Apple just released an update for its XProtect.plist malware definitions file (which Apple calls the "safe downloads list"; this is kind of a misnomer because it's actually a list of unsafe downloads). The latest update appears to block a new version of a Trojan horse that masquerades as a Flash Player update, which Apple labels OSX.FlashBack.B. I thought this would be a good opportunity to share with my readers a few ways to manually force an update to Apple's definitions.
To briefly review, Mac OS X Snow Leopard and later (including Lion) include very basic protection against malicious downloads under certain circumstances. In May 2011, after the outbreak of MacDefender malware, Apple released a security update that enabled automatic updating of Mac OS X's built-in definitions file for Snow Leopard. Automatic updating has always been built into Lion since its initial release in July 2011.
Before you update your Mac OS X anti-malware download definitions, you should first make sure you have the latest version of Mac OS X installed (10.6.8 is the final version of Snow Leopard, and 10.7.2 is the current version of Lion as of when I'm writing this). You can check for updates by going to the Apple menu in the top-left corner of your screen and selecting "Software Update...".
After installing all available OS and security updates (and restarting your computer if necessary), you have a few options on how to check for updates to Apple's malware definitions:
- The first (and nicest) solution is to download Adam Christianson's Safe Download Version app from The Mac Observer's site (direct download link). This app automates the whole update process for you; it notifies you what version your current definitions are and their release date, lets you check for updates, and notifies you if you already have the latest version installed.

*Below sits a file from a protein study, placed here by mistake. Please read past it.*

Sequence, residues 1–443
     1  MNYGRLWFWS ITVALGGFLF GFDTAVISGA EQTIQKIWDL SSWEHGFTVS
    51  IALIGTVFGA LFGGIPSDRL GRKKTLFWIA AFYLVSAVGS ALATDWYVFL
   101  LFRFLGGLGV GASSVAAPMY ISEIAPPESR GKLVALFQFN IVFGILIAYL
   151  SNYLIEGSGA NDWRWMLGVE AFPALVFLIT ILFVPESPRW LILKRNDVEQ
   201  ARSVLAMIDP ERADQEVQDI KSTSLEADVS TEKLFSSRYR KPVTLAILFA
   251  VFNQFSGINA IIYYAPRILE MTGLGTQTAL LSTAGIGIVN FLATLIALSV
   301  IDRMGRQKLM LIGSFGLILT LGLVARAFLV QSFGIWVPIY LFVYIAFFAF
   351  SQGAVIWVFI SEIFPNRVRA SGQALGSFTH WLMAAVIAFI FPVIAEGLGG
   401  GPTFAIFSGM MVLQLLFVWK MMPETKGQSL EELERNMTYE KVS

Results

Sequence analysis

- The second option is to update via System Preferences (which you can find by clicking on the Apple menu and selecting "System Preferences..."). In the System Preferences main window, click on Security, then click on the General tab, then uncheck and re-check the box next to "Automatically update safe downloads list" (note that you may need to click on the lock and type an administrator password first). You won't get any feedback indicating whether the update process has completed; you'll just have to assume that it worked (this is why I prefer using Adam's Safe Download Version app mentioned above).
- The third option is to run either of the following Terminal commands (pick one):
sudo /usr/libexec/XProtectUpdater sudo launchctl start com.apple.xprotectupdater
You can copy and paste one of those into the Terminal (which you can find by clicking on the magnifying glass in the top-right corner of your screen and starting to type the word Terminal). After running either of those commands, you won't get any feedback indicating whether the update has run; you'll just have to assume it worked—or if you want to see whether the version changed after running the command (note that it may not; Apple often goes a long time in between updates), you can copy and paste this command before and after you run one of the commands above:
The XProtect.meta.plist file lists the date and version number of the XProtect.plist definitions file which is located in the same directory on your hard drive.
As I've mentioned previously, Apple's (un)safe downloads list is not a replacement for true antivirus software. It mostly protects against Trojans downloaded through Safari, Mail, and other applications that add the "quarantine" flag to new downloads that may contain malicious content. Aside from that, Apple's built-in protection does not currently do much; it doesn't protect against viruses (such as Microsoft Word and Excel macro viruses), rootkits, worms, Windows malware, and so forth; all of these have unfettered access to invade and brutalize your Mac unless you've installed full-fledged antivirus software. Sophos has a free home edition for personal use which I like, ClamXav is free for anyone to use (although its features are very limited; it's primarily a manual system scanner, but it includes an automatic download scanner that you can manually configure), and Intego VirusBarrier isn't free but it's produced by a company that specializes in Mac security. A few other commercial options exist for personal or small business use (be sure to get a current version if you buy from anywhere other than the developer's site), and several major antivirus vendors sell enterprise editions of their software for medium to large organizations.
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